It’s no secret that Gilbert Arenas is far from his 2004-2007 form in which he averaged well over 20 points per game.
Since his locker room firearm incident and ensuing suspension, Arenas’s numbers have steadily declined across the board, culminating in Agent Zero’s pitiful 2010/2011 campaign split between Orlando and Washington, in which he was only able to put up a little more than 10 points a night.
After being amnestied by the Magic last month, it would be easy to write off the once great Gilbert Arenas as having nothing left in the tank. So should the teams on Arenas' free-agent wish list—the Knicks, Heat, Lakers or “whatever team trades from Dwight Howard” according to ESPN’s Mark Stein—pursue Gilbert now that he’s an unrestricted free agent? The answer is yes.
While it’s easy for the woeful numbers put up by Arenas during his tenure with the Orlando Magic to scare off any rational NBA executive, you have to remember that Arenas was once a top three guard and a guy who could easily match Kobe bucket for bucket in his prime.
It’s safe to assume that Agent Zero’s days of 50-plus point games are in the rear-view mirror, but he’s still only 29 and his legs have at least a few more good years left in them. Because he’s still cashing in on that colossal contract he signed with the Wizards back in '08, salary should’t factor into his decision too much this season; and it wouldn't be surprising if he does take the $1.4 million veterans minimum or a midlevel exception to play for one of the contenders on his short list.
While the Knicks appeared to be one of the front-runners in the Arenas sweepstakes during the last two weekends of the shortened offseason, their decision to sign point guard Baron Davis to the veteran’s minimum quells their need for a distributor (though it remains to be seen how long it will be until the bearded one is healthy enough to run the floor again).
It wouldn’t be unreasonable to think that the Knicks could sign Arenas, but based on Imam Shumpert’s strong showing—both during the preseason and against the Celtics on opening day—New York’s front office would be hesitant to take minutes away from Shumpert and other developing guards, Landry Fields and Tony Douglass, by signing a player that needs substantial minutes to be effective.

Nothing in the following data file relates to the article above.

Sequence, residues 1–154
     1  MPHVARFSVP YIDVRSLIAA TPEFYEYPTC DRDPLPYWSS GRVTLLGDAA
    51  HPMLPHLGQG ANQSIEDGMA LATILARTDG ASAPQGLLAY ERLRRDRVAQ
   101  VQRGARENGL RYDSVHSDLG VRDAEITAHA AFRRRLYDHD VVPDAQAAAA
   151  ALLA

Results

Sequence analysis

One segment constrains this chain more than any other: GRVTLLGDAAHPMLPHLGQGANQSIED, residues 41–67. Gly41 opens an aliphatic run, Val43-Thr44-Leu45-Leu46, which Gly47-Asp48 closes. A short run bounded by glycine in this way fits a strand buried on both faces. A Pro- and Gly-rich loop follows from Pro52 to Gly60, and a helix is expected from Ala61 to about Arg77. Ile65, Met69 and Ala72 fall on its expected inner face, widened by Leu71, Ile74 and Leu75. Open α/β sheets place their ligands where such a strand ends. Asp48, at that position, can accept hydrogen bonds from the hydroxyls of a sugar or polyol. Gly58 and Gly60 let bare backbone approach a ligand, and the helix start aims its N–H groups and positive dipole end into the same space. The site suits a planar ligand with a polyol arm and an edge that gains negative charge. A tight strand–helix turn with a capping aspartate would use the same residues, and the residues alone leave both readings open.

The Miami Heat seem like the most feasible destination. Miami quietly signed Shane Battier to a two-year deal earlier in the month; a move that could make an already exceptional team into the true beast of the East. Despite this, Miami still lacks depth behind their big three—especially at the guard spots.
Though the Heat's offense mostly ran through James and Wade, Mario Chalmers and Mike Bibby split time as Miami’s 1-guard last year..With Bibby's departure, and despite being an average-at-best distributor, Arenas would provide the Heat with an immediate upgrade at the 1-spot. Arenas brings a scoring ability that demands defensive attention, further stretching the D and granting LeBron, Wade and Bosh clearer lanes to the hoop.
The Lakers seem like a long-shot to sign Gilbert, but after losing Chris Paul to the cross-town Clippers, the Lakers seem poised to make at least some kind of move at point guard in their push deep into the playoffs .
Arenas grew up in Los Angeles—a fact that could help the Lakers woo Arenas to the West Coast, but there is cause for concern over how Arenas’ volatile personality would mix with that of Kobe. While there could be debate over who is the better distributor, Arenas’ scoring ability certainly exceeds that of Derek Fisher.
The Nets, who seem to be the front-runner to land Dwight Howard this season, have also exhibited interest in Arenas in the offseason. If they were able to land both him and Howard, New Jersey could very well have a formidable big three in Deron Williams, Howard and Arenas.
Whether or not a trade will actually be pushed through remains to be seen, especially with Brook Lopez—the pivotal part of New Jersey’s offer—suffering a stress fracture on his right foot that will sideline him indefinitely.